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Russia Sanctions Failing to Stanch Energy Deals With Japan

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By John Donovan

Nato says that Russia has amassed 20,000 combat-ready troops on the border of eastern Ukraine.

The US and the EU have stepped up sanction measures on Russia moving from targeted to sector sanctions. 

Unfortunately for Royal Dutch Shell its current business and future prospects depend on maintaining good relations with Putin.

Hence the bootlicking by Shell CEO Ben van Beurden when he met with Putin following the Russian invasion and annexation of Crimea. 

The Sakhalin II project in which Shell used to be the majority stakeholder still remains an important asset to the oil and gas giant. Sanctions may yet impact on Sakhalin II.

Extracts from a Bloomberg News article by Chou Hui Hong, Anna Shiryaevskaya and Tsuyoshi Inajima published 6 August 2014

Japan will freeze assets of individuals or groups involved in increasing instability in Ukraine and in the annexation of Crimea, Chief Cabinet Secretary Yoshihide Suga said July 28. Russia’s foreign ministry said July 29 that Japan’s new sanctions are “unfriendly, shortsighted” and will hurt bilateral relations.

Russia’s Sakhalin facility near Japan’s northern island of Hokkaido provides almost 9.5 percent of Japan’s gas, according to Royal Dutch Shell Plc, which owns a quarter of the project.

Russian President Putin’s continued support for separatists in eastern Ukraine has prompted the U.S. and European Union to impose restrictions on the operations of some banks and energy companies in an effort to isolate the Russian economy.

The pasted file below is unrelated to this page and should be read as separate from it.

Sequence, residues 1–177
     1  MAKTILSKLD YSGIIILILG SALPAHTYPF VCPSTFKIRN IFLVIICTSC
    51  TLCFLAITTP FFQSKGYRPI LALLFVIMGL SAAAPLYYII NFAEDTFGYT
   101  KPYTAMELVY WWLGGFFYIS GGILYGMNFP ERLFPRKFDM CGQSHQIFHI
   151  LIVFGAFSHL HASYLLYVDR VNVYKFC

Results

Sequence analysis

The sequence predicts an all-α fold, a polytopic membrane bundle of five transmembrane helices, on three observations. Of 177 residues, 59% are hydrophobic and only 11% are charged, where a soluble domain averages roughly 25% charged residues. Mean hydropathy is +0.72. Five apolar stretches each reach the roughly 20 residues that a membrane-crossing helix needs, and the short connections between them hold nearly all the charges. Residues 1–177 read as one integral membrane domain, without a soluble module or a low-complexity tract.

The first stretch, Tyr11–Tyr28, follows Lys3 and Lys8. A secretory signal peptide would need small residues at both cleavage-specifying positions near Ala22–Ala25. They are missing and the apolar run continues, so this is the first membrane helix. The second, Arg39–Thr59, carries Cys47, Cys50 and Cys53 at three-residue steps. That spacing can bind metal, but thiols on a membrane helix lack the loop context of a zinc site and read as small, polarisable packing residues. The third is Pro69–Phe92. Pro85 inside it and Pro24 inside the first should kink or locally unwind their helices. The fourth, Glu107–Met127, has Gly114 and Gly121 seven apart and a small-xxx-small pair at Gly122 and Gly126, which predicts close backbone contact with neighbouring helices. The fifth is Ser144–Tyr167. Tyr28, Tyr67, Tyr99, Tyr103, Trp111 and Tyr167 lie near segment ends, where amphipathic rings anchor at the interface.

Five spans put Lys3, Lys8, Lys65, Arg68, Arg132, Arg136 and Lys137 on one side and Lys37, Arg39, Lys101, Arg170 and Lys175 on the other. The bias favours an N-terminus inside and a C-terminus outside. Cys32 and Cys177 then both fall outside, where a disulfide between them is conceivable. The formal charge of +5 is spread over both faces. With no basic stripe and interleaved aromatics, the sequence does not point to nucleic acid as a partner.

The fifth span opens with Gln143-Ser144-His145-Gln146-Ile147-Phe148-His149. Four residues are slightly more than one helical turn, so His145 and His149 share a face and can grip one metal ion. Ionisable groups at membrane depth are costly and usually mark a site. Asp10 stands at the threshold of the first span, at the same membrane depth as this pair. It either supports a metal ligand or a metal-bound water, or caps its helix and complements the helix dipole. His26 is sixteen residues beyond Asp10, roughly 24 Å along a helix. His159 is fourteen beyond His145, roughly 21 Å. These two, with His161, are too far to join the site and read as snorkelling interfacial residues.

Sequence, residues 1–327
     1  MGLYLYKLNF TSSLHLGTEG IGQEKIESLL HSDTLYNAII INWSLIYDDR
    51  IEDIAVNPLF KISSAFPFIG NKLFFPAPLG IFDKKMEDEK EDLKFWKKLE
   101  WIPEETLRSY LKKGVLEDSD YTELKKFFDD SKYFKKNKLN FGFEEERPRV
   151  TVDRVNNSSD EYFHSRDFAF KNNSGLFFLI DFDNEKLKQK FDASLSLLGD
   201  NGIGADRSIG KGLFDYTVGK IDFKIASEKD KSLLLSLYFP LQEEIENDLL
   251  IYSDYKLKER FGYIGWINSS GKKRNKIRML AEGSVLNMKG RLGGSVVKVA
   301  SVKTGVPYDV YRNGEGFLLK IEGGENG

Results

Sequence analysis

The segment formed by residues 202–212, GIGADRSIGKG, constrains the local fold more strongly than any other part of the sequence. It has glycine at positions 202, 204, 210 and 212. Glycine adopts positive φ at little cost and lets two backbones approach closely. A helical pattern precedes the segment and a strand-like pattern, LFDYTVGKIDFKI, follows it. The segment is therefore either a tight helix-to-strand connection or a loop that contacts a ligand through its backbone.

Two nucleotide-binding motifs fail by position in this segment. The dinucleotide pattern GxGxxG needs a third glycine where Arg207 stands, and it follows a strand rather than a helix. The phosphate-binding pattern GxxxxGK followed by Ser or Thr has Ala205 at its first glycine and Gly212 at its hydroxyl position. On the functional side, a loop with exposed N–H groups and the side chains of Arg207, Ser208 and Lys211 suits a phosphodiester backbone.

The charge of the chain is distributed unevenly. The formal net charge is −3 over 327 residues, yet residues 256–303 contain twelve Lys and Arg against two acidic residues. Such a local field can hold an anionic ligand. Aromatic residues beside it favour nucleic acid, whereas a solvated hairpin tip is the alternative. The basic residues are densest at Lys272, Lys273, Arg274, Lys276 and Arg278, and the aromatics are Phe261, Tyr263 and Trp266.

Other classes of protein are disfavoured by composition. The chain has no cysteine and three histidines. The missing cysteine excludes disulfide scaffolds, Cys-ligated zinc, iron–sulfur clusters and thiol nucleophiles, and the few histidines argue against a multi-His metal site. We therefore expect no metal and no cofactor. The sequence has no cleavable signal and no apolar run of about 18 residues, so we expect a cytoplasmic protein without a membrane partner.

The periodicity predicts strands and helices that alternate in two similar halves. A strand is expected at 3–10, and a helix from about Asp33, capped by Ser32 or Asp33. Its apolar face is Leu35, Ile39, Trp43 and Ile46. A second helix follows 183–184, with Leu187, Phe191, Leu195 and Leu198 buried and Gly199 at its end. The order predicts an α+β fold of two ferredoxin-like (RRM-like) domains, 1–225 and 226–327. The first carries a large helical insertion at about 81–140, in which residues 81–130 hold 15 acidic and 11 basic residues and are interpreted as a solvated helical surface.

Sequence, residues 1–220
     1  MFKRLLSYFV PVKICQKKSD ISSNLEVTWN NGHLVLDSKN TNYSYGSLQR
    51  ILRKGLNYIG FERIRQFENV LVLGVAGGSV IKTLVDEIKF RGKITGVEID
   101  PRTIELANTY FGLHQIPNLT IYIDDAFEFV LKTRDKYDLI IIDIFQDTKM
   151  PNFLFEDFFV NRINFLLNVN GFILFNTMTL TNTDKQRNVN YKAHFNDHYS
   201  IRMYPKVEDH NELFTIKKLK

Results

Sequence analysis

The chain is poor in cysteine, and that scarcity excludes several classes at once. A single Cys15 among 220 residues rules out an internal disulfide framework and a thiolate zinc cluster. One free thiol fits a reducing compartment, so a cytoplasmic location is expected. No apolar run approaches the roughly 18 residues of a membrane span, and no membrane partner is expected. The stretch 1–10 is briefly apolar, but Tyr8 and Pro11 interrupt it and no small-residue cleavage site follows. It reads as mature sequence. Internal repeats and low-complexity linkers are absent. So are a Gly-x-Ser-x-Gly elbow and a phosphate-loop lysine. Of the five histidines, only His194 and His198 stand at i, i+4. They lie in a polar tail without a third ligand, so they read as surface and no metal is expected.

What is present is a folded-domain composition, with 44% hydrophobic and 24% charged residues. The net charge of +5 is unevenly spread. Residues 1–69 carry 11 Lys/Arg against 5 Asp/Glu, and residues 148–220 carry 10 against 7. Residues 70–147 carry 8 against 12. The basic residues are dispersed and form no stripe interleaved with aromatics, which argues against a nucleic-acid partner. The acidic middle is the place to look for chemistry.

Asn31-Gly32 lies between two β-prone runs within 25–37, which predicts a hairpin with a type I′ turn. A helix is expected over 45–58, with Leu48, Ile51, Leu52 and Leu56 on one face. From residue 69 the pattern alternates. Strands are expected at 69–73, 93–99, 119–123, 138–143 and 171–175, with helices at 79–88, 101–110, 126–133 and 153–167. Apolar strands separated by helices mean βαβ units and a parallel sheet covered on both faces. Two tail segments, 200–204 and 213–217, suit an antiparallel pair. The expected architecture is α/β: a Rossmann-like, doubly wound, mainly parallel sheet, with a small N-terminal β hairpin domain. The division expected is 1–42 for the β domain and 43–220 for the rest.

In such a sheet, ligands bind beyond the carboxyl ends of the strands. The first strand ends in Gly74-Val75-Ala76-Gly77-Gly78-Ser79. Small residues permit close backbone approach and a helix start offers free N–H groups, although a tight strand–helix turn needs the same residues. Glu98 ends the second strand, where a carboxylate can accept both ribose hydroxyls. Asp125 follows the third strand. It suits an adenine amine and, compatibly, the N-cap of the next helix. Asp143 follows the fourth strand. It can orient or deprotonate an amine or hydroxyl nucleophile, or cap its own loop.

FULL BLOOMBERG ARTICLE

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SCREENSHOTS FROM A VIDEO PUBLISHED BY RT.com on 18 April 2014 

Russia’s annexation of Crimea took place in March 2014. Shell’s collaboration is being seen as a hugely important event to be fully exploited for propaganda purposes by Putin. 

1 Comment on “Russia Sanctions Failing to Stanch Energy Deals With Japan”

  1. #1 Zik Gbemre
    on Aug 6th, 2014 at 11:19

    With the above post that “Japan will freeze assets of individuals or groups involved in increasing instability in Ukraine and in the annexation of Crimea,” we are quite happy that the Asian Tiger is taking steps to join the bandwagon of nation’s (like USA and European Union), that have initiated punitive measures through sanctions to stifle the gruel aggression of Russia against Ukraine. We only hope that some of these punitive measures will equally be made to stop the operations of Royal Dutch Shell in Russia since the company owns a quarter of Russia’s Sakhalin facility near Japan’s Northern Island of Hokkaido, which provides almost 9.5 percent of Japan’s gas.

    With U.S. and European Union imposed restrictions on the operations of some banks and energy companies in an effort to isolate the Russian economy, other countries/world powers should equally rise up and take practical steps to initiate further sanctions and punitive measure against Russia and its partners like Shell and pro-Russian Separatists. Somebody has to put President Putin in his place and make him stop the onslaught against Ukraine. Shell, that is in the middle of all of this with its “collaborative tendencies of supporting repressive/aggressive regimes,” should equally nit be left out in such punitive measures.

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